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The master puppeteer: how the brain controls the body

Smiling, speaking, eating, walking – most of us take for granted the effortless ease with which we move. But behind even our simplest actions are processes of extraordinary complexity – processes that fascinate Cambridge Neuroscientist Professor Daniel Wolpert.

Speaking at a free public talk last Friday (19th March, 2010) at the Babbage Lecture Theatre, Cambridge Neuroscientist Professor Daniel Wolpert illustrated how little we know about how the brain controls the body and how much we still need to discover before we can build robots to match the movements of even a young child.

According to Professor Wolpert of the Department of Engineering: "Computers can now beat grand-masters at chess, but no computer can yet control a robot to manipulate a chess piece with the dexterity of a six-year-old child."

How the brain is able to learn to generate such skillful movement is one of the most intriguing questions in neuroscience and, Professor Wolpert believes, is most profound.

"Why do we have a brain?" he asks. "We have a brain for one reason only, and that's to produce adaptable and complex movement. Apart from sweating, movement is the only way we have of affecting the world around us."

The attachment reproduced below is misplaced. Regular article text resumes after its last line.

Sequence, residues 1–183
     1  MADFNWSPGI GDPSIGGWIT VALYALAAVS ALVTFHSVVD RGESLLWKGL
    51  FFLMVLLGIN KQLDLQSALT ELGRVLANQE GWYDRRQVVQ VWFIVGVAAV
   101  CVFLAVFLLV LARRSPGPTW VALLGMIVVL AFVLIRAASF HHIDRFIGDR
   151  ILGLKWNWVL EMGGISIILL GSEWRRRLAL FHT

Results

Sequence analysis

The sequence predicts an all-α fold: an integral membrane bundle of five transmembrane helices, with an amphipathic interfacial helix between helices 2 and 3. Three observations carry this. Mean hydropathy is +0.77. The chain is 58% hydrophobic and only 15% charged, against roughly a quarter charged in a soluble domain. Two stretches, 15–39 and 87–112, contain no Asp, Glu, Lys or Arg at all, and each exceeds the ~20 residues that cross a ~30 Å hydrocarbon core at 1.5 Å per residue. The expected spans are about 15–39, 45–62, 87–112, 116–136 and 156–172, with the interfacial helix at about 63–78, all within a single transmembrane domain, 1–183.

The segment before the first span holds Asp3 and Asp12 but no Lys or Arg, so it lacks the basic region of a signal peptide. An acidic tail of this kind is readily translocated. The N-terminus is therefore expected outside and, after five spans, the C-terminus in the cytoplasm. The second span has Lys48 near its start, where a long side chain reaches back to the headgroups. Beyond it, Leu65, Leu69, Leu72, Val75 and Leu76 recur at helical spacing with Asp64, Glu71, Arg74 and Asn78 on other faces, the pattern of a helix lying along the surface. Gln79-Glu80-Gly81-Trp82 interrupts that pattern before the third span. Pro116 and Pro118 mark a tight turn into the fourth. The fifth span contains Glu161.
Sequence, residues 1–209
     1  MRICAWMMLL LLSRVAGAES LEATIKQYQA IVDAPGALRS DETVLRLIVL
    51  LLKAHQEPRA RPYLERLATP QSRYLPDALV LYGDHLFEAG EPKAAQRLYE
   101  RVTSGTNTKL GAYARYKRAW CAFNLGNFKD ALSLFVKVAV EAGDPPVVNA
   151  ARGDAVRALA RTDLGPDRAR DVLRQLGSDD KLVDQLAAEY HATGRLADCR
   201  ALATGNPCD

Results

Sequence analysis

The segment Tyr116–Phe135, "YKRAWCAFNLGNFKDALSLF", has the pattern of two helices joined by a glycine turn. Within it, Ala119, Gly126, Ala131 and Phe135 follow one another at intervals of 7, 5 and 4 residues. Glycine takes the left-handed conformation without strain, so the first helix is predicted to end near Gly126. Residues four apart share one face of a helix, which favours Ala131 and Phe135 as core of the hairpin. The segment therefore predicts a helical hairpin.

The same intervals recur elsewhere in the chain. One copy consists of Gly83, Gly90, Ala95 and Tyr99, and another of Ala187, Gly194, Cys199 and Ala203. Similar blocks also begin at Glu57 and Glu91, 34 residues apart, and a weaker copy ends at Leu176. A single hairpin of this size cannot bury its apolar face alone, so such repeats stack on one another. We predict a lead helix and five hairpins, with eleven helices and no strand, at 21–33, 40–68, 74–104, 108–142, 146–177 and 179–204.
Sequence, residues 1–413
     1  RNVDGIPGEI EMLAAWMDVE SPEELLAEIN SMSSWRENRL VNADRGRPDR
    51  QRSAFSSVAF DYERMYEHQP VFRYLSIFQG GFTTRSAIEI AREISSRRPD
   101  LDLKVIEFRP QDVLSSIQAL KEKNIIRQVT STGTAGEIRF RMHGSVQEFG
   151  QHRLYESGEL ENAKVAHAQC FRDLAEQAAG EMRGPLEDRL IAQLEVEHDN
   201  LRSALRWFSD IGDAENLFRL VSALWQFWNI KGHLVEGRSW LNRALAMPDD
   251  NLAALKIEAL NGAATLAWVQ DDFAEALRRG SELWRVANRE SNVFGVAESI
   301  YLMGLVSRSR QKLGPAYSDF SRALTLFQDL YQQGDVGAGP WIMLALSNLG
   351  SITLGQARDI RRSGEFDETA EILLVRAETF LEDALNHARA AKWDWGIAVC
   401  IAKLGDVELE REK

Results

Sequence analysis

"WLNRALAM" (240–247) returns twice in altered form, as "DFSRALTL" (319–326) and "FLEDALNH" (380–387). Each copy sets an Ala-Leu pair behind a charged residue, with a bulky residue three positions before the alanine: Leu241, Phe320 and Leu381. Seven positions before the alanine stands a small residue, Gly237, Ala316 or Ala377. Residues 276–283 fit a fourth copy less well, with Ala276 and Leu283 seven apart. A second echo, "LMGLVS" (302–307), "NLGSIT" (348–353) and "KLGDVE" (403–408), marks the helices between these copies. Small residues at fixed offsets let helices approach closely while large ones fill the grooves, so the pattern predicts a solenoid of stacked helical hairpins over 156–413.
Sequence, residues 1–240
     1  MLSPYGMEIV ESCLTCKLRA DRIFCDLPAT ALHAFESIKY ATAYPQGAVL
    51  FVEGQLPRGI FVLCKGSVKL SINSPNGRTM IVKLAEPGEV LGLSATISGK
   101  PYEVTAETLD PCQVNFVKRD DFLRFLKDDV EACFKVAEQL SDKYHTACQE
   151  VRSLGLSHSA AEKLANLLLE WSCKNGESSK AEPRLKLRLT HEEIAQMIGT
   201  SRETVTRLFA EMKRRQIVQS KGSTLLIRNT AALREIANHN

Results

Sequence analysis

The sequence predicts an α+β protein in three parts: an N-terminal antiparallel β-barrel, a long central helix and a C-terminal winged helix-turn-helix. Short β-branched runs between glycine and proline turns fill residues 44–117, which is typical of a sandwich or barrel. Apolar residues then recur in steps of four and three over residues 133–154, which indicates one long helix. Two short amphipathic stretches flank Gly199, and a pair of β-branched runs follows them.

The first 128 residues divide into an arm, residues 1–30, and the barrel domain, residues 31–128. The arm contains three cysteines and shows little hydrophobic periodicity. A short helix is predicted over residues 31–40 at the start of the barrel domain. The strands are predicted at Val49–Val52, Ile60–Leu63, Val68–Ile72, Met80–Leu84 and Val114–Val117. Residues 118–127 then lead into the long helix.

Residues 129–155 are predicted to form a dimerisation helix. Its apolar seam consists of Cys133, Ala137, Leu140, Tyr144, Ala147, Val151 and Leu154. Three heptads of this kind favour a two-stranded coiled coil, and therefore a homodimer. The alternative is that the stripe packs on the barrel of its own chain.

"Sensory, memory and cognitive processes are all important but they're only important to drive or suppress future motor behaviour. There's no point laying down childhood memories or perceiving the colour of a rose if it doesn't have a potential impact on your motor output."

Daniel described his scientific experiments using tickle machines, automatic pea shooters, and pushing competitions to an enthralled audience of over 400 people ranging from children to adult medics.

This event was part of the 22nd Cambridge Neuroscience Seminar, Brain Awareness Week and the Cambridge Science Festival. Cambridge Science Festival is the UK's largest free annual science festival offering adults and children alike the chance to get involved in some of the University's cutting edge research.

The event was recorded by the Science Festival team and will be available to listen to again on this site shortly.

Article written by the University of Cambridge Press team.

Posted on 04/03/2010

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